It's pretty amazing how much flak investors give Apple (AAPL -2.12%) for not "innovating." While the company hasn't introduced a new product category in quite some time, it has spared no expense in building up its in-house semiconductor IP design and system-on-chip integration teams. Indeed, Apple appears to be going "chip crazy" in its aggressive hiring for its semiconductor teams. Let's find out just how all-out Apple is really going here.
Did somebody order some chips?
A trip to Apple's job boards and the entry of the fairly innocuous keyword "chip" leads to no less than 114 job postings:
This is probably doesn't cover anywhere near the breadth of chip-related engineers that Apple is looking to hire. A few hot keyword searches such as "CPU" and "GPU" turn up a broad swath of most likely disjointed results:
That explains a good chunk of Apple's R&D increase
Take a look at the trend in Apple's research and development spending over the last several years:
Over the last four years, Apple has nearly quintupled its R&D spending. While a good chunk of this is likely on actual device development and software development, a significant portion is likely dedicated to the development of world-class mobile chips. Further, Apple's R&D spending continues to skyrocket, suggesting that the innovation engine -- a good part of which is related to chips -- is still quite alive.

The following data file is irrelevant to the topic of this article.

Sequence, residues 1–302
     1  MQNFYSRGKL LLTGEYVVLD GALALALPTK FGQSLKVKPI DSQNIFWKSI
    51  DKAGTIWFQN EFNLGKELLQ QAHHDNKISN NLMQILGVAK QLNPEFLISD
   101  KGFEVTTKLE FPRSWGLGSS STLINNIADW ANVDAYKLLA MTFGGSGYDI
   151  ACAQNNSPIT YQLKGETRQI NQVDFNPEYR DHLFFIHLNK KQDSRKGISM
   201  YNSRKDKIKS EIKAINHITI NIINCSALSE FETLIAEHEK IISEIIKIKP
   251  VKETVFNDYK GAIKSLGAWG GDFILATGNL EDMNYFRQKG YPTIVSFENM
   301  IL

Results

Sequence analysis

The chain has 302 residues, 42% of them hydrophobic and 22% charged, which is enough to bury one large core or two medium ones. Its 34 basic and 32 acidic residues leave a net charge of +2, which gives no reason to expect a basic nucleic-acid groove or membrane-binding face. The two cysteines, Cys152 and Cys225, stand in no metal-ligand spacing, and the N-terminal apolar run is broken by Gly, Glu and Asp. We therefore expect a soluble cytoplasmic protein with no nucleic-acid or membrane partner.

Why this is important
At the end of the day, Apple's mission is to develop the world's best products. While many semiconductor industry bears continue to chant the tired mantra that today's processors are "good enough," the truth is that new experiences and new functionality are fundamentally driven by advances in semiconductor technology and designs.
While Apple could certainly get away with using an off-the-shelf chip design from Qualcomm (QCOM -0.34%) which does a superb job with its system-on-chip products, it is likely that Apple seeks to optimize its processors in a way that differs from what the rest of the merchant chip industry is doing. We already saw Apple's A7 blow the competition away across the board, and it is likely that future A-series processors could hold a pretty sizable performance-per-watt lead on iOS over the rest of the ARM (ARMH) chip players. Apple builds chips using an ARM architectural license, meaning that Apple designs the chip to be able to run the same software that ARM's own designs do.
Apple is dead-serious about chips, and it is encouraging to see that Apple is really pushing hard on the semiconductor side of things. While it is unlikely that the trend will be for the device makers to do their own chips -- the merchant landscape is quite exceptional today -- this is just one more thing that makes Apple so interesting from an innovation standpoint.